The teacher spoke very little throughout the class. Before each lesson, the teacher simply pointed out the main points that needed to be remembered in the class and the qawa’id that applied to each chapter. After that, the burden of explanation of the chapter’s contents rested on the students’ shoulders.
2. al-Wajiz fi Usul al-Fiqh/Tashil Usul al-Fiqh: When I was there, we studied Mawlana Anwar al-Badakhshani’s Tashil Usul al-Fiqh, which is basically a summary of Dr. Wahbah al-Zuhayli’s Usul al-Fiqh al-Islami from a Hanafi perspective. Later, we came across Dr. Zuhayli’s own summary, entitled al-Wajiz, which we then went on to study after Tashil. There is not much more content in it, however, and I prefer Mawlana Badakhshani’s summary because of its being more brief and from a purely Hanafi perspective. Like in fiqh class, students were expected to read other books outside of class. Therefore, some students read through al-Manar’s commentaries, Bukhari’s Kashf al-Asrar, Fawatih al-Rahmut, etc… Unfortunately, we weren’t able to get a hold of Jassas’s Fusul or Sarakhsi’s Usul until the end of the fifth year when we had nearly completed usul al-fiqh study.
3. Sharh ‘Uqud Rasm al-Mufti: This class took class once a week only and concentrated on not only the contents of the book but also a brief study of the history of the Hanafi madhhab.
1. al-Hidayah: For mu’amalat, we used the last two volumes of al-Hidayah. Students were required to read through commentaries such as Fath al-Qadir, al-Kifayah, al-‘Inayah, etc… although the concentration this year was less on comparative fiqh and more on simply understanding the book. Otherwise, the methodology of teaching for this class was the same as the previous year’s.
2. Nur al-Anwar: There was no consensus at the beginning of the year about which book should have been taught at this level. This was going to be the final year of usul al-fiqh studies but I don’t believe any solid methodology of teaching this class was decided during the year or even afterward.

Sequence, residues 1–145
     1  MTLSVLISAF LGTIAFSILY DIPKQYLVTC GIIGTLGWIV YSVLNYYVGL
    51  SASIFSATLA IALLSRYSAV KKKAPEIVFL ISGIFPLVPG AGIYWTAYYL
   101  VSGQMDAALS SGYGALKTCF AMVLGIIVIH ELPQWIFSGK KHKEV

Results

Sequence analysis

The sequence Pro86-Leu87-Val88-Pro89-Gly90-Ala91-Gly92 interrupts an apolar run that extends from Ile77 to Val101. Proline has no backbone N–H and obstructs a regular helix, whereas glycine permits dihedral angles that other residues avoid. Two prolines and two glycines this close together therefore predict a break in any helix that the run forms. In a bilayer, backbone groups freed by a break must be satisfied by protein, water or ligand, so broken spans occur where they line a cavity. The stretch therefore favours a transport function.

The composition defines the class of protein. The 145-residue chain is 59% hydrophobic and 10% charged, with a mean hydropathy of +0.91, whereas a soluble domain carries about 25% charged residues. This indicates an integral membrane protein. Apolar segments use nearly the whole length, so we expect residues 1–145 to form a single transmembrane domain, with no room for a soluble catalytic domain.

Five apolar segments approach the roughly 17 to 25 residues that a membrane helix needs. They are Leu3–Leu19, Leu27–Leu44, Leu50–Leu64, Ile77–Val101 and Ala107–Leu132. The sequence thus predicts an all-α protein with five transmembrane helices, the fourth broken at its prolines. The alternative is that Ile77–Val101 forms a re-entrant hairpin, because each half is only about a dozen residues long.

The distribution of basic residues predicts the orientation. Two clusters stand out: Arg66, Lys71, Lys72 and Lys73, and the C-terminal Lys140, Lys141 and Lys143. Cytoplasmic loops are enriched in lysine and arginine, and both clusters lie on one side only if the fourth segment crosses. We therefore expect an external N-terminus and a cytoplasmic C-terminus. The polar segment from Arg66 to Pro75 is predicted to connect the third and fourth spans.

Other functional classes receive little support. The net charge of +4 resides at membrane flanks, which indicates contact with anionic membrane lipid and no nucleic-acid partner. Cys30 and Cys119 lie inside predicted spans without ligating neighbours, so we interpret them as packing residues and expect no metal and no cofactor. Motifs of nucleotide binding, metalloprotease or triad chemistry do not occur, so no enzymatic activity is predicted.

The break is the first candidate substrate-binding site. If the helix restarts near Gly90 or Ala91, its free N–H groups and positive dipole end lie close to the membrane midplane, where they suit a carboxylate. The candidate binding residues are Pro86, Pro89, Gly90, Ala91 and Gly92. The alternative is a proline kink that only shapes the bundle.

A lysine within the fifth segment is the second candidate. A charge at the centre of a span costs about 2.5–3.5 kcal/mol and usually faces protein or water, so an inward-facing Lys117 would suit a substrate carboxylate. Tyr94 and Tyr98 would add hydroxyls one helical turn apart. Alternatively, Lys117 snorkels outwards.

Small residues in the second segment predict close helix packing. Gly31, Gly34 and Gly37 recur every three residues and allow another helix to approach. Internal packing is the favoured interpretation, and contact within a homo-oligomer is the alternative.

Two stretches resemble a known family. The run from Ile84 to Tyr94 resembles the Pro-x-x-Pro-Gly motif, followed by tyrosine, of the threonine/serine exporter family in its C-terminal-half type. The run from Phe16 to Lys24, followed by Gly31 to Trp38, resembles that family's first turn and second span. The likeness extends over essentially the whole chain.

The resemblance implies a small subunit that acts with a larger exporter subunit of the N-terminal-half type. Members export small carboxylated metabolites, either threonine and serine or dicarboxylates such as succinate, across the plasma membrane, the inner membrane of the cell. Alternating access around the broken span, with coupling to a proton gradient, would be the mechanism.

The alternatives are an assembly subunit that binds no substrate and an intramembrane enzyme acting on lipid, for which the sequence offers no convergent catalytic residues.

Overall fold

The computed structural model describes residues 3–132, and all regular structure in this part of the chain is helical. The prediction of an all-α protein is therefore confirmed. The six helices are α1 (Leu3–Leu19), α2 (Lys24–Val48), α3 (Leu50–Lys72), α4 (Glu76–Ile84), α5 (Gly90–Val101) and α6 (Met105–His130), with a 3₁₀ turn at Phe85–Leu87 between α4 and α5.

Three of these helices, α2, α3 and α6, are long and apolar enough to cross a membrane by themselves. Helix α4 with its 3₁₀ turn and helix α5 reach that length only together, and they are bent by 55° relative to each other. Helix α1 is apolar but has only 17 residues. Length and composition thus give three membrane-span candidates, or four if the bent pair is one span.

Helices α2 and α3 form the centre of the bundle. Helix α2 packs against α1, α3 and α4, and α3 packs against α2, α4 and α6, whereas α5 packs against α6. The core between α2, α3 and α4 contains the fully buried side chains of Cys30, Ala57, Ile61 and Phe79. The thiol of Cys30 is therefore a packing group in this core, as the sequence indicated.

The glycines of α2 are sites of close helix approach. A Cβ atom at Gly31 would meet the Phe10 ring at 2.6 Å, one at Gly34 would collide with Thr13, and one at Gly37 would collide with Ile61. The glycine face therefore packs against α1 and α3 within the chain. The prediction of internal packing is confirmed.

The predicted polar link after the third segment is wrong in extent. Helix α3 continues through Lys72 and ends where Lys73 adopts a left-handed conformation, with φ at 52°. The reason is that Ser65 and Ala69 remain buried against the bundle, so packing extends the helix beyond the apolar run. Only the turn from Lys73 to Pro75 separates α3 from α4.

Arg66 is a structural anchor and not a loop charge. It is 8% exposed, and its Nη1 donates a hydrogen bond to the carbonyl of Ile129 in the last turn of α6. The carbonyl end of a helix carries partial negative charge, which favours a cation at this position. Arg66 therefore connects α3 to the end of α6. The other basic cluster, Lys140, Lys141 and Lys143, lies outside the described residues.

3. al-Siraji: It took about three months to finish this book. It was taught with heavy usage of practice examples. A white board was also used to better illustrate the concepts. Outside reading material was only used to find practice examples.
4. Nukhbat al-Fikar: We basically had to read through the text. The teacher did all the extra reading. Students were not expected to spend much time outside of class in preparing. Eventually, students began to use Tahhan’s Taysir Mustalah al-Hadith for memorizing definitions. Later, the teacher decided to use Tahhan’s text formally in class and then later had the students read through Nukhbah.
This is basically where the hadith classes began. The course was not well-developed when I was there and I left in the middle of this year of study. Dawra Hadith was supposed to extend to two years, so years 7 and 8. Sunan Abu Dawud, Tirmidhi, the two Muwattas, and Tadrib al-Rawi were the books that were being taught when I was there. I imagine there must have been significant changes to the two-year hadith program after I left.
Both Sunan Abi Dawud and Tirmidhi were supposed to be completed in this year and both were read cover to cover.
In this year, the Sahihayn, Sunans Ibn Majah and Nasa’i, Shama’il Tirmidhi, and Sharh Ma’ani al-Athar were taught. I am not sure as to how much of each book was taught, but I do know that Bukhari was meant to completed cover to cover.
Although the year that graduated with me combined years 8 and 9 due to extraneous circumstances, Mawlana Tariq Jameel Sahib had intended that the final year of study be devoted to a Dawrah Tafsir (or Dawrah Qur’an). In this year, all concentration was to be on understanding the Qur’an, its commentary, and its related sciences.
I do not know much about how this was taught since I was not there. I can only write what I know about what was supposed to be taught.
1. Tafsir al-Qur’an: No specific tafsir was decided to be taught this year when I was there, but I heard that eventually Sabuni’s Mukhtasar Ibn Kathir was chosen and that was to be the textbook, although students, like in other classes, were expected to read other commentaries before coming to class. I can not say much about this class besides that. I believe there were two separate classes of tafsir at one point in order to ensure that the entire Qur’an could be covered in one year.
2. al-Fawz al-Kabir: I don’t know what book was eventually decided for ‘ulum al-Qur’an, but before I left I had heard that they were planning on doing al-Fawz al-Kabir. I can’t imagine they sufficed with it, however. Besides these two subjects, I don’t know what was or could have been added.
Note: al-‘Aqidah al-Tahawiyyah and Taysir al-Mantiq were also taught but moved around from year to year. When I was there, we covered ‘aqidah in third year, although I heard later it was transferred to fourth year. Mantiq was taught briefly once a week in fifth year when I was there, but I hear it got pushed earlier when I left.